WASHINGTON — President Barack Obama made a forceful call Friday to narrow the government's access to millions of Americans' phone records as part of an overhaul of surveillance activities that have raised concerns about official overreach.
The president said he no longer wants the National Security Agency to maintain a database of such records. But he left the creation of a new system to subordinates and lawmakers, many of whom are divided on the need for reform.
In a speech at the Justice Department, Obama ordered several immediate steps to limit the NSA program that collects domestic phone records, as well as other surveillance practices, which were exposed last year by former intelligence contractor Edward Snowden.
Obama directed that from now on, the government must obtain a court order for each phone number it wants to query in its database of records. Analysts will only be able to review phone calls that are two steps removed from a number associated with a terrorist organization instead of three. And he ordered a halt to eavesdropping on dozens of foreign leaders and governments who are friends or allies.
The changes mark the first significant constraints imposed by the Obama administration on surveillance programs that expanded dramatically in the decade after the Sept. 11, 2001, attacks. But many of the changes could take months if not longer to implement, and already critics from diverse camps are warning that what he has called for may be unworkable.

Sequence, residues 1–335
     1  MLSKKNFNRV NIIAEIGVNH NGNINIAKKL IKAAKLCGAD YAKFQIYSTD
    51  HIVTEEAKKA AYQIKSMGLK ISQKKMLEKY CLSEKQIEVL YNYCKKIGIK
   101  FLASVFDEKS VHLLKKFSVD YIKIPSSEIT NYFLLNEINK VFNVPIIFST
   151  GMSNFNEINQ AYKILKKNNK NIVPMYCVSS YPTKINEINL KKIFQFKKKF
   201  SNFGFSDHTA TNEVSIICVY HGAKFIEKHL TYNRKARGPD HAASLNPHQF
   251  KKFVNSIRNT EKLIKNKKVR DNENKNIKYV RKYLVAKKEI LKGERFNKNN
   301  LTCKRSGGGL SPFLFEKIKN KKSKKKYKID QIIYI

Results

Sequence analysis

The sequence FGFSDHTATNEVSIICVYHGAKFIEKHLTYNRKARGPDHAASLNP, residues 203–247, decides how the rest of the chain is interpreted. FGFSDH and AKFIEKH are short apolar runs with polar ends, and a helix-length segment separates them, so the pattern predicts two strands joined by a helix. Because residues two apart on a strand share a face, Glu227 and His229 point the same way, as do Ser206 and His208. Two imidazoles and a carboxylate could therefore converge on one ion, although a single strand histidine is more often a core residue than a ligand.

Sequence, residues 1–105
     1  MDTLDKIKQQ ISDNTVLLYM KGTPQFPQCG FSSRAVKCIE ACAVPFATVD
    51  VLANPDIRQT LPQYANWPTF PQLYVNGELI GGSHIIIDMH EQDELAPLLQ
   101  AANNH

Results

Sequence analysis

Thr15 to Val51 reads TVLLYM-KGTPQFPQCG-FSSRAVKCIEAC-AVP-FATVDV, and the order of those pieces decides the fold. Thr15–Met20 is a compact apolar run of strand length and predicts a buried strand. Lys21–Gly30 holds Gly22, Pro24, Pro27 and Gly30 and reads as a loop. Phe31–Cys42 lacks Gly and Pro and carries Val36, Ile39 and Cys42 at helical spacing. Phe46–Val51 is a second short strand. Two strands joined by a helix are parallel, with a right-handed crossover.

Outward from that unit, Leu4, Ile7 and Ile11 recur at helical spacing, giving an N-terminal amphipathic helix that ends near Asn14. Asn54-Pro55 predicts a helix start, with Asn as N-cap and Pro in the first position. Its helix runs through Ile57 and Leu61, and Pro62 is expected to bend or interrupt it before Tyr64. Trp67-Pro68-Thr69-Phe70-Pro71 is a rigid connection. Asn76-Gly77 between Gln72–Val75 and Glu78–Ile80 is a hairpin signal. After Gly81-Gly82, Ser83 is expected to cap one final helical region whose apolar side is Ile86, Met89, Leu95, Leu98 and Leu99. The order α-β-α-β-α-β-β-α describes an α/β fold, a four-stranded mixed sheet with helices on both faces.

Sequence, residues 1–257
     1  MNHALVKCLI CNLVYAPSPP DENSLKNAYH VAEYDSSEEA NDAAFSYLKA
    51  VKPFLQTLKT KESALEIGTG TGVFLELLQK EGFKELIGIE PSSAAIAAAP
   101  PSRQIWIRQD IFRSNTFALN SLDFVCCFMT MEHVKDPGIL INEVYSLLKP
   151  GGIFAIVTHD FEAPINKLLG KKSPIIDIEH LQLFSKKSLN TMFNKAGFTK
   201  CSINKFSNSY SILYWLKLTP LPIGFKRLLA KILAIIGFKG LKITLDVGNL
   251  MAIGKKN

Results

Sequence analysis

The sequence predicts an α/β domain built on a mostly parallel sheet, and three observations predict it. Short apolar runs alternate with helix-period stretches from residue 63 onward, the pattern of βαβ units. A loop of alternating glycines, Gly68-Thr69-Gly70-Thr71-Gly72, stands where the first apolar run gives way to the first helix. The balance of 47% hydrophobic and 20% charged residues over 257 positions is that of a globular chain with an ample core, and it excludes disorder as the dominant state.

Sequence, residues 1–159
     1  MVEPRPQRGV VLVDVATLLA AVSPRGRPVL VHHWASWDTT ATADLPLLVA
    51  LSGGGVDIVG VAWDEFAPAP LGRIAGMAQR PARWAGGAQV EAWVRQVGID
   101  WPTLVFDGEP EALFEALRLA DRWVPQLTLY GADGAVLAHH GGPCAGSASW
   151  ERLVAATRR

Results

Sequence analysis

Obama is retaining the vast majority of intelligence programs and capabilities that came to light over the past six months in a deluge of reports based on leaked documents. Even the most controversial capability — the government's access to bulk telephone records, known as metadata — may well be preserved, although with tighter controls and with the records in the hands of some outside entity.
The database holds phone numbers and call lengths and times, but not actual phone call content.
Obama recognized that others have raised alternatives, such as the moving custodianship of the records to the phone companies or an independent third party — and that such plans face significant hurdles.
He gave subordinates including Attorney General Eric Holder until March 28 to develop a plan to "transition" the bulk data out of the possession of the government. Existing authorities for the phone records program are set to expire on that date.
Reaction to Obama's call to end the phone records collection was mixed and underscored the political challenge he faces.
The chairmen of the House and Senate Intelligence Committees issued a joint statement focusing on Obama's remarks that "underscored the importance of using telephone metadata to rapidly identify possible terrorist plots." Sen. Dianne Feinstein, D-Calif., and Rep. Mike Rogers, R-Mich., added that they have reviewed the existing NSA bulk collection program and "found it to be legal and effective," indicating they would oppose efforts to end it.
But many civil liberties groups said Obama failed to advance real reform by leaving open the door to third-party storage of records and data retention mandates.